I was 19 years old when I landed in Tunis to attend the Bourguiba Institute. It was going to be a two months stay, a short one according to me, nonetheless my parents were adamant that I should phone them weekly. In 1976 Tunisia, this meant going to the post office earlier in the morning than I liked, booking an international call, and then sitting in a queue waiting to be called by the operator. A friendly man, constantly perspiring and wiping his brow, he would dial my parents’ number and then direct me nodding and smiling to a cabin which felt like a steam bath.
You had to keep the door open if you wanted air, but if you wanted some privacy you had to close the door, phone slipping from your sweaty hands like an eel, and conduct your conversation holding your breath. While sitting in the post office waiting for long hours, I made friends, learnt French (nobody in their right mind would listen to my tentative classical Arabic) and I felt very much part of the local way of life. When I could not call I wrote letters, on the lovely air mail writing paper, light, blue and crinkly : does anyone remember it? Probably now it would be classified as an antique, but I never travelled anywhere without an air mail paper block (and relative envelopes) in my luggage.
Things seemed easier a few years later when, in Egypt, I could afford a flat with my own telephone, however the situation was more complex than it appeared: there were more telephones than telephone lines! So one day you would find that your phone was dead and you called the technician to have it fixed. He came and surreptitiously demanded to be “compensated” because mending your phone meant that he had to “borrow” the line from another home, so we went on in a merry go round of calls…dead phone… technician… compensation… calls… dead phone etc etc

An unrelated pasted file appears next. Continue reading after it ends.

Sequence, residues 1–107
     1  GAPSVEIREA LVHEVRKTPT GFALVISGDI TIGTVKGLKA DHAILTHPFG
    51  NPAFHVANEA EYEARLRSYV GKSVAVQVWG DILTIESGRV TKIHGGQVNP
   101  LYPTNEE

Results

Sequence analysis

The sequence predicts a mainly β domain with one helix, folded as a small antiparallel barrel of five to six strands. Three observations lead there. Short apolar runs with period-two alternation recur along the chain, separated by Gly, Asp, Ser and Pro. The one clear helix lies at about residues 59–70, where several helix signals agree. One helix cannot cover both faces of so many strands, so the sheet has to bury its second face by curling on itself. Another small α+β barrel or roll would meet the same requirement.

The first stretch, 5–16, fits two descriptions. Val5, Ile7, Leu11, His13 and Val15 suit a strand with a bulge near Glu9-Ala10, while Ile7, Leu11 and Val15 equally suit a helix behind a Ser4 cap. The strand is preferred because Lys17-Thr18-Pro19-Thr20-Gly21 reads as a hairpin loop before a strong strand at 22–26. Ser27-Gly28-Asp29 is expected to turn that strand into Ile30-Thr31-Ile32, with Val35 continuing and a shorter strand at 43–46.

The great leap forward came with mobile phones. The first looked like small hand bags, heavy and cumbersome, but such powerful status symbols. And what about emails? Suddenly the world was at your fingertips.
Having become an apprehensive parent myself, at times bombarding my son with calls, mails, skype and facetime sessions of an intrusive frequency, I have come to the conclusion that I was very lucky as a young person, I could get lost, literally and metaphorically, and nobody minded, I could have moments, hours and days that were completely mine, and to communicate was a matter of choice, not of duty or availability. I could always blame the faulty telephone lines if I wanted to go incommunicado.
I am out of sync, probably, but still cannot understand why to shout endless banalities into your mobile is more acceptable than to start a conversation with someone sitting opposite you in a train or why you have to check the weather on your gadgets rather than look out of the window.
I take nothing away from all the wonderful technology that allows one to keep up with friends, to call for help, to find and exchange information, to work from home, but I still treasure a hand written letter and when, last year, I had to buy a new phone, I went on eBay to find another Razr… such a beautiful object! and no more for sale in shops.
If we think of advanced technology as magical, then perhaps it’s worth remembering Terry Pratchett. The great Wizards in his work understand that the key to doing magic, the most important thing about it, is knowing when not to use it.